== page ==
FINANCE, Economic Development and Investment Promotion deputy minister David Mnangagwa says the 2024 national budget figures are being “finalised and refined,” as the depreciating local currency continues to deplete Treasury coffers.
During pre-budget meetings, Finance minister Mthuli Ncube revealed that total bids for the 2024 national budget from government ministries, departments and agencies were ZWL$110 trillion.
However, Ncube indicated that Treasury could only afford a ZWL$47,8 trillion budget, 57% less than what ministries, departments and agencies require.
This was based on projected revenue of ZWL$44,1 trillion, with the deficit expected to be financed through debt securities.
In an interview with NewsDay Business at the just-ended Insurance Institute of Zimbabwe annual conference in Victoria Falls, Mnangagwa declined to comment on the budget figures, but only promised that the document would be ready in two weeks.
“We will continue with fiscal consolidation and tight monetary policy will be clearly articulated in the next two weeks. I don’t want to pre-empt, so I won’t assign any figures to that because it is being finalised and refined,” he said.
“But, for us, the economic outlook is positive and obviously the cake is never big enough for everyone. It is in line with our national development strategy.”
The budget comes as citizens demand that government spending should lean towards social services as the depreciation of the local currency continues to erode incomes.
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This is because in the past, in times when revenues have been constrained as is the case now, social spending has often received the lowest budgetary support.
Critical social spending areas include healthcare, amenities infrastructure, food security and jobs.
However, Mnangagwa said the budget would be pro-production and pro-people.
“The whole country is a priority. It’s a pro-people, pro-production budget. The more production, the more infrastructure we have, the more employment you have and the circulation of money means that your women, your youths, are at an advantage coming from the policies that government deployed. So, I would say it is a pro-people, pro-production and pro-business budget,” he said.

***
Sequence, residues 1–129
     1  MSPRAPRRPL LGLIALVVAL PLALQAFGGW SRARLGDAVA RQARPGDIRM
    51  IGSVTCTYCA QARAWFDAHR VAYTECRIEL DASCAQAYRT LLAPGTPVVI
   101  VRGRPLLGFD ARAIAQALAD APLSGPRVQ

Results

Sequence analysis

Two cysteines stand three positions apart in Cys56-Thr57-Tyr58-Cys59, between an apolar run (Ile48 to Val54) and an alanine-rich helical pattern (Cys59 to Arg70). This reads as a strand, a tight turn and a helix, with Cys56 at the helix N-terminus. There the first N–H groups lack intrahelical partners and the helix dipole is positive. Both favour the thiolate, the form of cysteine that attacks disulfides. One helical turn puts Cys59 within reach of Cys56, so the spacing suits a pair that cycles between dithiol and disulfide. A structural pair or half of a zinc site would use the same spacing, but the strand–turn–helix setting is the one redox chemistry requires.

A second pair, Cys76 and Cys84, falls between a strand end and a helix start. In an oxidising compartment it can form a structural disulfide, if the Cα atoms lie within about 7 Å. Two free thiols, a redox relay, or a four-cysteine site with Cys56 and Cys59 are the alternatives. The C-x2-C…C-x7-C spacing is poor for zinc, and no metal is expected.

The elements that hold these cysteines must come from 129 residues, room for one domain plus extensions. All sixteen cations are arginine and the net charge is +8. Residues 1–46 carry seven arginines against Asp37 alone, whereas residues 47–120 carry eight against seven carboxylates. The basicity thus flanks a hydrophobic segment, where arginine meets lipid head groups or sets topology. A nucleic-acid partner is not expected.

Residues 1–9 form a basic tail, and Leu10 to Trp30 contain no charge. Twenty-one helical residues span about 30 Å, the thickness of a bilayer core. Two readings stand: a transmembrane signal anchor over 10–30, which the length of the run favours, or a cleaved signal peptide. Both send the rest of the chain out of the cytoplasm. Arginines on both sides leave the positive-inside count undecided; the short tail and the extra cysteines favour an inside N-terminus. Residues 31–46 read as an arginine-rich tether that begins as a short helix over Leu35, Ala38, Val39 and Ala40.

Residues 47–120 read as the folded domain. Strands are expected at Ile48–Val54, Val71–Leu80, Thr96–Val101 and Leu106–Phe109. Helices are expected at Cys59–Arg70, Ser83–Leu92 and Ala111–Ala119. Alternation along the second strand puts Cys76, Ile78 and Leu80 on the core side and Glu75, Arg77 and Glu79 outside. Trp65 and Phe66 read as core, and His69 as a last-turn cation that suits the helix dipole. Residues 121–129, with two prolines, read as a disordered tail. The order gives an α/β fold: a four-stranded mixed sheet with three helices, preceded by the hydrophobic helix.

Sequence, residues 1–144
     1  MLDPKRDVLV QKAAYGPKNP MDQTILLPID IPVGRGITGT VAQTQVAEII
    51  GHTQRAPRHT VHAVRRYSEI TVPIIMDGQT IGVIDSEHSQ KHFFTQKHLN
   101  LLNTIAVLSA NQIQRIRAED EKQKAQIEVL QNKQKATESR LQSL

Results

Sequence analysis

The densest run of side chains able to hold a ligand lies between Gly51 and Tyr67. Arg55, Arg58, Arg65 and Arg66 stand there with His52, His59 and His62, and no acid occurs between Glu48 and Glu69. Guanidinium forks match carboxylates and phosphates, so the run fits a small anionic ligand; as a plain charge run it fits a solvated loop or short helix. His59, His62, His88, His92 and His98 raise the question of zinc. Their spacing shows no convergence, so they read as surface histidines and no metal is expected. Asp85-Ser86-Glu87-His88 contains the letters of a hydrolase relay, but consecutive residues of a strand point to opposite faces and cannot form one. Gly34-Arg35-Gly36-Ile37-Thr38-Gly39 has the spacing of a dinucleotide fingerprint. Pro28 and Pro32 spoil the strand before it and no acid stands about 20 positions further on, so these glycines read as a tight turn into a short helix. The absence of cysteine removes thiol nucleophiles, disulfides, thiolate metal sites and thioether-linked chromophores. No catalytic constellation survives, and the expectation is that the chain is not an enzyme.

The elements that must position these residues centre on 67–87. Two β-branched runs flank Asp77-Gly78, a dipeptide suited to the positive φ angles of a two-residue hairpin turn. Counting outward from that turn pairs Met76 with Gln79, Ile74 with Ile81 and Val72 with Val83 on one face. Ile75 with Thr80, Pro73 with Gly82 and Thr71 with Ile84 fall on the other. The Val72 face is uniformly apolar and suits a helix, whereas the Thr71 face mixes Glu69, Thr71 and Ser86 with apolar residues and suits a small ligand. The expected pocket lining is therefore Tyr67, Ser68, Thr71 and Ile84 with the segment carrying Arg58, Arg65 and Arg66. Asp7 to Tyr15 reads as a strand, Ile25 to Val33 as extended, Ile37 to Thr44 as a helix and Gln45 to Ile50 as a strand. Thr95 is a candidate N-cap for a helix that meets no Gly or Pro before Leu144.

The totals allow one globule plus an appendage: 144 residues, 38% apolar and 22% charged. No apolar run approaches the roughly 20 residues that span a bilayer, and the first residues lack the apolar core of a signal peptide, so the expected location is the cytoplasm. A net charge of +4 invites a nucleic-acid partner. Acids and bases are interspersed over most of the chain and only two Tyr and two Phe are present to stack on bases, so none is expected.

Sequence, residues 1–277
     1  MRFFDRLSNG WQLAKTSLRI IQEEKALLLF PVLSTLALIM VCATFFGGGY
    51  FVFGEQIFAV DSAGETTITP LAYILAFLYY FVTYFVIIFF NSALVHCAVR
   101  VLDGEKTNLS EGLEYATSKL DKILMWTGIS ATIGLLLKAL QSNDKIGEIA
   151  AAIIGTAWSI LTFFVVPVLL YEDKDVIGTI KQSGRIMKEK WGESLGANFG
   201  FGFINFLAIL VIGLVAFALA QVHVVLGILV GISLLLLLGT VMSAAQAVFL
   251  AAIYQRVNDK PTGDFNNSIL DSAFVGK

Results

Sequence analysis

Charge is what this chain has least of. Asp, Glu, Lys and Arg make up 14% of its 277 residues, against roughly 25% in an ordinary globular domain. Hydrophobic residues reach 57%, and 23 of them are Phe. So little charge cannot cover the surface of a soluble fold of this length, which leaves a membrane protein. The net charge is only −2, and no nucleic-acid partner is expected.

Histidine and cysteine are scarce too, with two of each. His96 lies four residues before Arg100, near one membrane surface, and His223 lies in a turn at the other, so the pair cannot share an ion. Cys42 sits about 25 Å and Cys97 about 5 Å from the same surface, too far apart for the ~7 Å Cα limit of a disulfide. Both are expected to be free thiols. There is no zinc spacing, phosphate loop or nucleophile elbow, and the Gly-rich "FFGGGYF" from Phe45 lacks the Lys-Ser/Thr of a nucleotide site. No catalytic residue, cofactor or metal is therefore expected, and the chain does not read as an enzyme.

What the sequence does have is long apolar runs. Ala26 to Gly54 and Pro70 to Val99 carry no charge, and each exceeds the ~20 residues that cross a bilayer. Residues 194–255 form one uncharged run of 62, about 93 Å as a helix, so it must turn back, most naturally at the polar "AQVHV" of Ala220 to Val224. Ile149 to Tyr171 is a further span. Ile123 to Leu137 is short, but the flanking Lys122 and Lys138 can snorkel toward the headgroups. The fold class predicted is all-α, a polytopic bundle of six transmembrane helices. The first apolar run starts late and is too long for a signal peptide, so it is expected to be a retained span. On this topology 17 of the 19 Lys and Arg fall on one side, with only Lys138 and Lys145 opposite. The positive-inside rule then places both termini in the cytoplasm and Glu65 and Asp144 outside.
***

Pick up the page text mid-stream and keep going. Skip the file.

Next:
“The budget is actually funded from what we are getting. Over the past two, three years, the consolidated revenue fund has actually been funding the fiscus. So, it’s been money in, money out. There is no printing of money.”
He continued: “If there was, it was to satisfy some of the legacy debt, through SI [Statutory Instrument] 108 of 2023 which was promulgated two months ago, which was assumed by the ministry. This means that as a nation we are no longer printing any money to service any external debt.”
He added that in terms of fiscal consolidation, Treasury will put a lid on money supply which has largely influenced the local currency’s massive loss of value. As of end of August, money supply had grown to ZWL$13,41 trillion from ZWL$2,33 trillion as of end of last year.
“We are keeping our eyes on that. Why you are seeing it much bigger is because it is in-line with economic growth and projected inflation which we are going to reduce 9 to 10% on month-on-month,” Mnangagwa said.
“I think we have a ZWL$44 trillion budget with just a deficit of 3% which is in line with our growth of inflation. In that regard, we have no plan to print money,” he said, adding that the 2024 national budget will be financed from tax revenues with the tax collector catering for about 95% of the budget.